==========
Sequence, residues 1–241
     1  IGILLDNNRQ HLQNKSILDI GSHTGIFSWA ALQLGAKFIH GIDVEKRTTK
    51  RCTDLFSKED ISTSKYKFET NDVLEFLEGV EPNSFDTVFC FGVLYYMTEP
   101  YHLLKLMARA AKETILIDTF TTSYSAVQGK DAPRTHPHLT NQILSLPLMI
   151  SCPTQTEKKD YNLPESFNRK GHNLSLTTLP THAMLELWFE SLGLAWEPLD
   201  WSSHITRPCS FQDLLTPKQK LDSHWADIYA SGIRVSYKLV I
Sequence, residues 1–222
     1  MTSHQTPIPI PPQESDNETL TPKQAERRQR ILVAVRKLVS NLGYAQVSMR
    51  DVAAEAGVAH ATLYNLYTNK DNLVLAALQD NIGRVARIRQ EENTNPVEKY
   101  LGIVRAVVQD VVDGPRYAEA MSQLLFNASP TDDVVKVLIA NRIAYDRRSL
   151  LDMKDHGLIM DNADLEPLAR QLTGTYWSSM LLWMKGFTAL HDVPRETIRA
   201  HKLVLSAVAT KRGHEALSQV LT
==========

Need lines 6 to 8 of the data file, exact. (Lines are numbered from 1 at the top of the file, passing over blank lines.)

   201  WSSHITRPCS FQDLLTPKQK LDSHWADIYA SGIRVSYKLV I
Sequence, residues 1–222
     1  MTSHQTPIPI PPQESDNETL TPKQAERRQR ILVAVRKLVS NLGYAQVSMR